Immediately after the hearing, McGeehan was excommunicated and struck by a lightning bolt as he tried to cross the street.


Charlie Dent said...

A quick abortion or some RU-486 would save a lot of money here, and keep the minority population down. Let's adopt a more progressive approach to deal with overbreeding indigents.

Les Lee said...

catholics don't care where the little buggers come from as long as they grow up and give more money to the church and then make more little buggers to do the same.

michael molovinsky said...

not to sound like, but five employees for six pregnant girls? allentown is full of pregnant girls, actually so is the high school. haven't heard the term unwed mother for decades. here's an idea, why don't they live with their parents if they're not self-sufficient.

Bernie O'Hare said...

MM, There is one house mother in the evening, one social worker during the day, and there are 2 PT employees who give the FT employees a break. So most of the time, there will only be one person on duty. And the whole point of this home is these unwed mothers cannot stay with their real families. There are plenty of people who can stay with mom or dad. These women cannot.

michael molovinsky said...

bernie, i looked at the web site, and it certainly is written to sound like a desirable program, fifty years ago. the amount of young girls having babies is staggering. i fully supported continuation of programs at the high school which addressed this reality in our society. it's what home economics classes are currently about, not sewing like 40 years ago. i question if the circumstances of those 6 girls is really that different than hundreds if not thousands of others. does it make sense to cut the school budgets which address hundreds of pregnant girls and then subsidize a program like this? apparently this program makes people feel good about supporting it, perhaps more of a testimony about the public relation skills of the director sign me cynical bastard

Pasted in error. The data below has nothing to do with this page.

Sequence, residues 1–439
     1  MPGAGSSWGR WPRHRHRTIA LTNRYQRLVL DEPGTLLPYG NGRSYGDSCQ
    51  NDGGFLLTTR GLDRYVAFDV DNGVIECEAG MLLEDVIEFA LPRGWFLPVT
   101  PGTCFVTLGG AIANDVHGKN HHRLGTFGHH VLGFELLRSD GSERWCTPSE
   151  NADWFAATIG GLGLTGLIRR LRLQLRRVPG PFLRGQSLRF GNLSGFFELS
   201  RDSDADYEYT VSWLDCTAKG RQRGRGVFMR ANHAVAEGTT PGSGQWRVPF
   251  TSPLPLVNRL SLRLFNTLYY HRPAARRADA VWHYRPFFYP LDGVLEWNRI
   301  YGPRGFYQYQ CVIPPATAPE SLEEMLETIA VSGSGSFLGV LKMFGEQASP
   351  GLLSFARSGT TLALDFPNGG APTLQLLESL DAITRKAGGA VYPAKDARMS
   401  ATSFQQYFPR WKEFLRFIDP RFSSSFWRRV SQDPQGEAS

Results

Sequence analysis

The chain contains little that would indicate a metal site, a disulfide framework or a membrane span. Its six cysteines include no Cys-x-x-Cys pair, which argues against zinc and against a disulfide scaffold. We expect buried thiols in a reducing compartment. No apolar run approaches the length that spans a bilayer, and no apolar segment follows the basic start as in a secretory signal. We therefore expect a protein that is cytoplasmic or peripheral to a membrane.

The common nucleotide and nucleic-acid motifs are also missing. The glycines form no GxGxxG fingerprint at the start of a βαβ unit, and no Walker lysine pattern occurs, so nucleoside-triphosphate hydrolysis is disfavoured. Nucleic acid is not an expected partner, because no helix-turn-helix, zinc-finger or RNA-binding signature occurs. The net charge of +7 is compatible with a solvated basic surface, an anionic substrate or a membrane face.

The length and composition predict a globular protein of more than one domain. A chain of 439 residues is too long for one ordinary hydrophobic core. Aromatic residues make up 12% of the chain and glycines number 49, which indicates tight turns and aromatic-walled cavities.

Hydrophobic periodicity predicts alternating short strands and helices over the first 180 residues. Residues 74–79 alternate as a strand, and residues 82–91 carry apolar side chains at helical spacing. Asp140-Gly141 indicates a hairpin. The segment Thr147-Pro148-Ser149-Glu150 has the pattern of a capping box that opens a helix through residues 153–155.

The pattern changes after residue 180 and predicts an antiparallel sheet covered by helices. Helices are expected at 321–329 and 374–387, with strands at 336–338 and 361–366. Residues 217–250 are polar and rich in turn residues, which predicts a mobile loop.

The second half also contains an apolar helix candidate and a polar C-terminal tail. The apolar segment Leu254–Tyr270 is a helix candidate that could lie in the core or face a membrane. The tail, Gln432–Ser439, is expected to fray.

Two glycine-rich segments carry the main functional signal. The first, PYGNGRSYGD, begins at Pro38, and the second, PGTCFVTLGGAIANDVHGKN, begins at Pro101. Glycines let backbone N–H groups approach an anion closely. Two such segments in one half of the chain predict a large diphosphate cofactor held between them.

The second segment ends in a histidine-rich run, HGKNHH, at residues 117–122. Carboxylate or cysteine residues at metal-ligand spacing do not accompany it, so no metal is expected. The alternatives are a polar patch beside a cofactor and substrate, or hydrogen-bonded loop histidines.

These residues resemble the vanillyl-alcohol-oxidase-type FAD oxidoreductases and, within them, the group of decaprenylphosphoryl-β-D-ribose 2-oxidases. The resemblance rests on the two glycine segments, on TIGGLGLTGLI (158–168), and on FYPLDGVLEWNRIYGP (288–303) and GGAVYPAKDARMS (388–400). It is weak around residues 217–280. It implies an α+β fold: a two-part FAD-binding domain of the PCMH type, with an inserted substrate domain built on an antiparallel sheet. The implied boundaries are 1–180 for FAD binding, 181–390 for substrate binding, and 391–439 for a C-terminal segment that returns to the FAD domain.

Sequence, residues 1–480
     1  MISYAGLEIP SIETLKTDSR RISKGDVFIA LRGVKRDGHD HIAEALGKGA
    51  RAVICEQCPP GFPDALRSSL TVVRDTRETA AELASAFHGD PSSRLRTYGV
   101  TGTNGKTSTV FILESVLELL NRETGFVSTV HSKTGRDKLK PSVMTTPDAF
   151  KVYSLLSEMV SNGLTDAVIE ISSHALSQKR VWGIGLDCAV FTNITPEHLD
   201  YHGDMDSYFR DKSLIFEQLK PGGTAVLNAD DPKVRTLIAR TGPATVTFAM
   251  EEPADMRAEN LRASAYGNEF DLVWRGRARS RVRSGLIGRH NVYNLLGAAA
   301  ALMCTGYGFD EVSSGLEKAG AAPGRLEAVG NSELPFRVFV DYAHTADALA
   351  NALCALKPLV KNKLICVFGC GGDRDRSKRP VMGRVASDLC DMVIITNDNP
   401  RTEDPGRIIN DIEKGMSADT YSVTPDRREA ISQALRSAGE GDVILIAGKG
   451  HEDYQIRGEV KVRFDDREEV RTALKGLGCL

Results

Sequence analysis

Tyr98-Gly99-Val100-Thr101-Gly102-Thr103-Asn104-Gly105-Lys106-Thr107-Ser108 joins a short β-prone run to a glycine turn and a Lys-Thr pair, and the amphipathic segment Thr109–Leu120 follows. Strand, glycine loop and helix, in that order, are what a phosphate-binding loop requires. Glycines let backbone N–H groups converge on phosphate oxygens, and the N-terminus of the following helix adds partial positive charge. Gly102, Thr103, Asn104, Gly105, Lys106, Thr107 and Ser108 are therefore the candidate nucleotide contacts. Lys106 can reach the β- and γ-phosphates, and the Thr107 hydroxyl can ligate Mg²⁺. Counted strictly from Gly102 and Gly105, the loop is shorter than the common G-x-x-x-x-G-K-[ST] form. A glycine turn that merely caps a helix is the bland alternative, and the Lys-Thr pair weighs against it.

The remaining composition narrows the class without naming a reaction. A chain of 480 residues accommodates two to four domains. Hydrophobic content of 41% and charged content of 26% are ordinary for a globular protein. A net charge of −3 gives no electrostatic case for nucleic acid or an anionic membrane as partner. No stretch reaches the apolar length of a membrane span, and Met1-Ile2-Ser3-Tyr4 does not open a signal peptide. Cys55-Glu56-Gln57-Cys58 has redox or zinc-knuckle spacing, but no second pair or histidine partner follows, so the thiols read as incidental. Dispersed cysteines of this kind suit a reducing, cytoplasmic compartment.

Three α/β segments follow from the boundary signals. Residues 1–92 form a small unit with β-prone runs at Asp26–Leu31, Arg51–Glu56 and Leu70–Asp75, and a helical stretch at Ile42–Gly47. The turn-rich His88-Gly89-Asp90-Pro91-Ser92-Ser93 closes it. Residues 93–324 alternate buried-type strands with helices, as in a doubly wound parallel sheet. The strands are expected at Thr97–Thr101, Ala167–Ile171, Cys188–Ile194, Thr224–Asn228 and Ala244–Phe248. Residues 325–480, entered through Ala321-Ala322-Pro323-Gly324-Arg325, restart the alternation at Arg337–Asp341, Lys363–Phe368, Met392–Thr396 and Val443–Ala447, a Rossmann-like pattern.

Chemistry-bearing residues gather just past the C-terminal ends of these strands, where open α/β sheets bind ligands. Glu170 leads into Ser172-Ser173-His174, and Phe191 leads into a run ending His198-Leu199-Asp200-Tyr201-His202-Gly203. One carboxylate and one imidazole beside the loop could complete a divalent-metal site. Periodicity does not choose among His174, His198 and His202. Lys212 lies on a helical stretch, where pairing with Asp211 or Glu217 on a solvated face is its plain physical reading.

Bernie O'Hare said...

Unfortunately, the circumstances of these women (average age is now 17 to 25) is not much different than that of many others.

But nobody is cutting school budgets to subsidize this program. This is paid for by private donations, not public grants. That was the testimony last night.

Some nuns are actually involved in the program. It's a Catholic response to unexpected pregnancy.

Home ec classes may deal with similar issues. But last night, Ms. Folk testified that she's been approached by young ladies who don't even know what utilities are, and some of them dropped out of school before taking those home ec classes.

michael molovinsky said...

mcGeehan must have been very exasperated. it's clearly a treatment center, as it's expanded website clearly states. ah, the grayness of zoning, mixed with political correctness

Bernie O'Hare said...

McGeehan made an excellent argument and may very well be right. The attorney representing the home stated it is not a residential treatment center, but treatment is defined to include social work. He claimed to have a litany of caselaw to support his position, and McGeehan responded, "You may need it."